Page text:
Laurel Creek Road
Little River Road
Newfound Gap Road
Roaring Fork Motor Nature Trail
Tom Branch Road
Tow String Road
Tremont Road
Upper Tremont Road
Wear Cove Road (Metcalf Bottoms)

The following roads remain closed for motorists, but will be open for pedestrians and cyclists: 

Elkmont Road, , Hwy 284, Cataloochee Road, Abrams Creek Road, Forge Creek Road, Rich Mountain Road, Little Greenbrier Road, Balsam Mountain Road, Heintooga Round Bottom Road, Straight Fork Road, Twentymile Road.

Picnic Areas that are Open as of May 23rd:

Big Creek
Cades Cove
Chimney Tops
Collins Creek and Pavilion
Cosby and Pavilion
Deep Creek and Pavilion
Metcalf Bottoms and Pavilion

Open restrooms:

Clingmans Dome
Newfound Gap
Restrooms near Cable Mill in Cades Cove
Restrooms near Oconaluftee Visitor Center
Restrooms near Sugarlands Visitor Center
Abram Falls, Alum Cave, and Rainbow Falls Trailheads
Restrooms at open picnic areas

Concession Operations are scheduled to open on the following dates: 

Sugarlands Riding Stables

Cades Cove Riding Stables

LeConte Lodge

Cades Cove Campstore on 5/23;

Smokemont Riding Stables on 5/23

Smoky Mountain Riding Stables is pending;

When you’re planning your trip, have several options in mind so that you can switch plans if an area is congested. Hikers and horseback riders should expect to encounter more debris and downed trees along trails. Our normal spring clearing operations to remove winter downfall by volunteers and staff have been delayed due to the park closure and local ‘stay at home’ orders that were in place this spring to prevent the spread of COVID-19.

Open Businesses

Indeed the Smokies are back! The following businesses have reopened since last weeks update. Please note that they may have limited services and hours in addition to specific amenities and features remaining closed.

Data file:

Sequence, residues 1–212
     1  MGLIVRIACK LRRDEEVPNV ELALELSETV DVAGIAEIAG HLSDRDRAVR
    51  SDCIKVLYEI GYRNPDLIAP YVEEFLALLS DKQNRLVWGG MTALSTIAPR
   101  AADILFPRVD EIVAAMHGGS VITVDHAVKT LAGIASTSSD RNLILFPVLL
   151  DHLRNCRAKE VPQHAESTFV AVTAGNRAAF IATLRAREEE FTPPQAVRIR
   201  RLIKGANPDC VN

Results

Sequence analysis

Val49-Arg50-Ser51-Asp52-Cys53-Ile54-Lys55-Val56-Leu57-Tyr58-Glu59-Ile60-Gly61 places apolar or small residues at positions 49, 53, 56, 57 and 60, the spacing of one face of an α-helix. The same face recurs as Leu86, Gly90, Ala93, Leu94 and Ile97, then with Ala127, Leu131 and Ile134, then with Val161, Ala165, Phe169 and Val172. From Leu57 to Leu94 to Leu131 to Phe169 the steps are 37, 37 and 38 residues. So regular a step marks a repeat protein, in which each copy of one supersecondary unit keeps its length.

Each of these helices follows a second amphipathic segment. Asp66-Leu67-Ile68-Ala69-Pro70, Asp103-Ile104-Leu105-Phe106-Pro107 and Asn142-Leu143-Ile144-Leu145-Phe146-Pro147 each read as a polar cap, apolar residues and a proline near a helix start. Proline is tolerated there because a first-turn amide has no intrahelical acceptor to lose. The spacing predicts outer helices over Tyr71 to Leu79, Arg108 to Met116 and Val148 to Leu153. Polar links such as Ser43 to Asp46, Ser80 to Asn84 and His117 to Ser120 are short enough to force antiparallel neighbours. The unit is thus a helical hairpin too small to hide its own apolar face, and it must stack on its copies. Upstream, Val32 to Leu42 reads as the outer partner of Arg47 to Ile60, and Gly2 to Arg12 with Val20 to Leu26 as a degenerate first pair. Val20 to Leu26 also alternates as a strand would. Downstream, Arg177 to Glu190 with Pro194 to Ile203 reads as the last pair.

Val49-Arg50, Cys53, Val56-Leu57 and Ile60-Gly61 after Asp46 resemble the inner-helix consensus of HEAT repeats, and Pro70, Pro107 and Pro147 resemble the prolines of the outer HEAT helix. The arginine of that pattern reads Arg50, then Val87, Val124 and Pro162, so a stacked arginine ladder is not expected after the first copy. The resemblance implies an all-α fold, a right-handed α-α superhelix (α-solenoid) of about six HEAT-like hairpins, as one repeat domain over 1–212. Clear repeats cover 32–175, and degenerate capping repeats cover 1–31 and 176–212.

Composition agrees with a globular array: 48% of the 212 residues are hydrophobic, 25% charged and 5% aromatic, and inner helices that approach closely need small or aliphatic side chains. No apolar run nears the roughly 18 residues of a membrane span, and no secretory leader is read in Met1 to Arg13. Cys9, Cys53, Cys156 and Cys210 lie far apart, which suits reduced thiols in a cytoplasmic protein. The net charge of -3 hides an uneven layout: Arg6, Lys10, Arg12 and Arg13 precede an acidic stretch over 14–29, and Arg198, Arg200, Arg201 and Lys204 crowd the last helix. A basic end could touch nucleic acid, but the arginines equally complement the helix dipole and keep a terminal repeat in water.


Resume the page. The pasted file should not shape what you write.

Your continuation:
Alcatraz East Crime Museum
Arcadia
Big Rock Dude Ranch
CAM Cabin Crafts
Cooters
Country Cascades
Davy Crockett Mini Golf Course
Gatlinburg Space Needle
Love Life Live Life
Nantahala Outdoor Center Gatlinburg Retail Shop
Outdoor Adventures
Paula Deen’s Lumberjack Feud Show
Pigeon Forge Snow
Pink Jeep Tours
Rip Roaring Adventures
Rowdy Bear Mountain Gatlinburg
Sevier Air Trampoline & Ninja Warrior Park
Smoky Mountain Angler
Smoky Mountain Cat House
Smoky Mountain Popcorn Company
Smoky Mountain Spinnery
Stiffy’s Ax Throwing
The Captured
The Cliff Dwellers Gallery
The Coaster At Goats On The Roof
The Spice and Tea of Gatlinburg
Zoo Knoxville

Future Reopenings

The following businesses have shared an official opening date with the public. These are still subject to change. Please contact the businesses directly for the most up to date information.

Anakeesta May 21
Pigeon Forge Trolley May 21
Buttonwillow Civil War Theater May 22
Cookie Dough Bliss May 22
Foxfire Mountain Adventure Park May 22
Gatlinburg Mountain Coaster May 22
Gatlinburg SkyLift Park May 22
Gatlinburg Trolley May 22
Ober Gatlinburg May 22
Mysterious Mansion of Gatlinburg May 22
Ripley’s Aquarium of The Smokies May 22
Ripley’s 5D Moving Theater May 22
Ripley’s Believe It Or Not May 22
Ripley’s Marvelous Mirror Maze May 22
Ripley’s Super Fun Zone May 22
Smoky Mountain Ziplines May 22
Tube River Rage May 22
Wonderworks May 22
Great Smoky Mountain Murder Mystery Dinner Show May 23
Hatfield & McCoy Dinner Feud May 23
Nantahala Outdoor Center Pigeon Rafting May 29
Biblical Times Dinner Theater May 30
Red Skelton Tribute Theater May 30
Titanic Museum June 1
Unforgettable View Massage June 1
Grand Majestic Dinner Theater June 2
Wilderness At The Smokies June 4
Country Tonite Theatre June 5
Sweet Fanny Adams Theatre June 5

There you have it, this completes my Smokies Reopening Update for 5/20/2020.

For information regarding businesses in the Smoky Mountains Area Reopening please visit: https://www.pigeonforge.com/coronavirus-updates

I’m going to be doing podcast updates every Thursday from this point on. I apologize if I got some things wrong here on this current podcast but there is a lot of information to sift through and not every business is updating their websites or Facebook pages.

Are you planning a visit to the Smokies and are wondering how to fit it all in?  Check out our sample itineraries:  https://dancingbearfoot.blog/2018/08/30/smoky-mountains-vacation-itinerary-day-1/

If this is your fist time coming to the Smokies and renting a cabin check out out blog post in what to look for when renting a log cabin.

Thank you for reading.  If you’d like to learn more about our cabin or other great things to see while visiting the Smoky Mountains please visit us at Dancing Bearfoot.com.

Like our Pizza Bear? Check out the other great artwork from Kenton Visser https://www.kentonvisser.com/